Although she'd never, had any particular interest in birds, let alone touched one before, Dot was determined to help.
After enlisting the services of a local vet to free the dying swan, she used her nursing skills to tend him.
Keeping a watch over the swan and its seven cygnets over the next few months, Dot was horrified to discover they came under threat from anglers, pollution and vandals again and again.
In total there were 27 incidents in just four months.
And Dot realised exactly the same thing must be happening in lakes and streams around the country.
It was the start of a project which has already won the 53-year-old grandmother the British Empire Medal.
Horrified to discover the scale of the problem, Dot offered her services to the RSPCA and started taking in injured swans.
However, she soon decided she had to do even more. So, in 1988, Dot sold her house and gave up her job in an old people's home to start The Swan Sanctuary in Egham, Surrey on a three-acre plot leased from the council.
Claiming the only thing she missed was her lovely bathroom, Dot moved into a caravan while she and a team of volunteers dug ten ponds, four rehabilitation lakes, an operating theatre and an X-ray room.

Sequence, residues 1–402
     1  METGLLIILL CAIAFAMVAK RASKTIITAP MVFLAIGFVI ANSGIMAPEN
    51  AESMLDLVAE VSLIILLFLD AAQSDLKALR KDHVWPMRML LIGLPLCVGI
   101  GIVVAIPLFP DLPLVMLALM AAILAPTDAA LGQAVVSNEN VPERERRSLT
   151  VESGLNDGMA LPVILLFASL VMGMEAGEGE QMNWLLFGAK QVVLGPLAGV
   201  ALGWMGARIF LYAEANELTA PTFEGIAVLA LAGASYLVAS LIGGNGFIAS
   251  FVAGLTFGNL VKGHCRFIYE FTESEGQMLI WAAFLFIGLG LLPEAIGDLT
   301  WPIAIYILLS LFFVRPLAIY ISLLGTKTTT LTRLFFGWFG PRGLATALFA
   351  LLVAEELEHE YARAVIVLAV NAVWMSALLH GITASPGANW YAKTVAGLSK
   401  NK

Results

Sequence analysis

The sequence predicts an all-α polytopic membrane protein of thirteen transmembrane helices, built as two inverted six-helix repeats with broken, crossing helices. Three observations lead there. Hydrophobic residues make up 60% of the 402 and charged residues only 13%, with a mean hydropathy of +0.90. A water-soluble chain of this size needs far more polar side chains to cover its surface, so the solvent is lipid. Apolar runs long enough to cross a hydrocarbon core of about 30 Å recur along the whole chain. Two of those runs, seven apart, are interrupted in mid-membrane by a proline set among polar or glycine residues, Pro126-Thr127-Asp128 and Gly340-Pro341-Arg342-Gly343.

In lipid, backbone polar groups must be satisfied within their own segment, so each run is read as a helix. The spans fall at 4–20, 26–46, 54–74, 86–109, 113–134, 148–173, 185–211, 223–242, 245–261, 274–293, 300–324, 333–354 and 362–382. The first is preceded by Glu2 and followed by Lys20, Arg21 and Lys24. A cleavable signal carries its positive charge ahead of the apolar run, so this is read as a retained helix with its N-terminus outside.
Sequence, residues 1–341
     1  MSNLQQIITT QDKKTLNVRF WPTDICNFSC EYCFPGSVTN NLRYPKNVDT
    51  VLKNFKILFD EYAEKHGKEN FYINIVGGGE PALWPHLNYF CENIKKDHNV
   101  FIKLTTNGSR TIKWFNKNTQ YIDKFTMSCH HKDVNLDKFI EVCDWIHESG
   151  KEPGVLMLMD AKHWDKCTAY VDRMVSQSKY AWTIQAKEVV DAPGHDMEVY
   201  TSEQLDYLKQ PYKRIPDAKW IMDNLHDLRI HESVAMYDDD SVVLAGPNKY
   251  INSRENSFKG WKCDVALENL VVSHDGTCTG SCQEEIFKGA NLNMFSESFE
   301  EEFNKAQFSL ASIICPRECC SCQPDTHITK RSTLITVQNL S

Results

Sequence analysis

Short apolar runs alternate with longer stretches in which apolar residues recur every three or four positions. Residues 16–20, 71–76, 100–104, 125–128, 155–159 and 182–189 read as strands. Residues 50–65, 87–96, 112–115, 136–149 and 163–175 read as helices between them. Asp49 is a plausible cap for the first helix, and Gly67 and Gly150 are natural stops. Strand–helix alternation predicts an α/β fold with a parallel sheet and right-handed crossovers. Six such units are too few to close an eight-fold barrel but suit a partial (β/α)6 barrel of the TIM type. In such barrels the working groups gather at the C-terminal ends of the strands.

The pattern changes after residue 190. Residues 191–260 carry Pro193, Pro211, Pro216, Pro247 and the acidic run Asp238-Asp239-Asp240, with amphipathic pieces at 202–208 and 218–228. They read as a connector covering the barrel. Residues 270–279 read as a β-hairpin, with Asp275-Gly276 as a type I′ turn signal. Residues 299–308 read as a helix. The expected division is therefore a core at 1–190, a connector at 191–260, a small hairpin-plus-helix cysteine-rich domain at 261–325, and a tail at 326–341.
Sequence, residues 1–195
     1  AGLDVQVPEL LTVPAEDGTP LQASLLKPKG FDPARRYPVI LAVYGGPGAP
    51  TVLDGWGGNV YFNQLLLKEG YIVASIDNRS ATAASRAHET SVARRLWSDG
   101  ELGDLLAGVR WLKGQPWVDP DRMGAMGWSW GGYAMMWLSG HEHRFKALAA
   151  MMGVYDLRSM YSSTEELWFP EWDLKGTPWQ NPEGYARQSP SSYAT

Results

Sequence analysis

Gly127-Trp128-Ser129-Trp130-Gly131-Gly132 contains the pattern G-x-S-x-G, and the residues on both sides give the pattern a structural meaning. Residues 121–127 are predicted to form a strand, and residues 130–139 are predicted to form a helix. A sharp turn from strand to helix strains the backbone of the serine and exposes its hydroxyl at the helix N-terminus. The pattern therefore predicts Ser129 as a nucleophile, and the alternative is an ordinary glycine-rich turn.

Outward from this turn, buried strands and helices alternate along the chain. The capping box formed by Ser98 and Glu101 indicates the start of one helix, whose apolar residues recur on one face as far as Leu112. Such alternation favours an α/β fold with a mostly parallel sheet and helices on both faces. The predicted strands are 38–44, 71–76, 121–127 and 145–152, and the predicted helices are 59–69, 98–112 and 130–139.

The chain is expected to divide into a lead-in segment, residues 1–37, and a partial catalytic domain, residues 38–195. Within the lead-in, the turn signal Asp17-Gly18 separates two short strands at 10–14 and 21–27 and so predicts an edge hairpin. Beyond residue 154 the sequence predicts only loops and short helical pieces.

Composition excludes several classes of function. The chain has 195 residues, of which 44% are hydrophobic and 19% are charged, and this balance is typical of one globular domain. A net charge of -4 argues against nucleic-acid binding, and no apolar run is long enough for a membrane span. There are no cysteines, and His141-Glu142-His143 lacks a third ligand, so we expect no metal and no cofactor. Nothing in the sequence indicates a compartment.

Now Dot - who still lives in a caravan on site - is helped by her daughter, Melanie as well as volunteers.
On call 24 hours a day, Dot rarely manages to catch more than three hours' sleep a night.
As well as caring for 4,000 water birds such as swans and grebes every year, Dot has to raise over £90,000 a year to keep the sanctuary afloat.
"We do it on a wing and a prayer," she jokes. "The strange thing is I'm not some batty old woman who adores birds. I actually prefer cats. But I saw a need and I couldn't say no."
Dot now has five small centres around the country and is about to expand even further.
Later this year she is opening a 50 acre site nearby which will also house an education centre to encourage youngsters to learn how to value the environment. "The problem is greater than ever," says Dot.
"These birds are so precious and yet they face danger every day - from pylons, pollution, anglers and vandalism. If we allowed swans to be wiped out, how could we face the next generation?"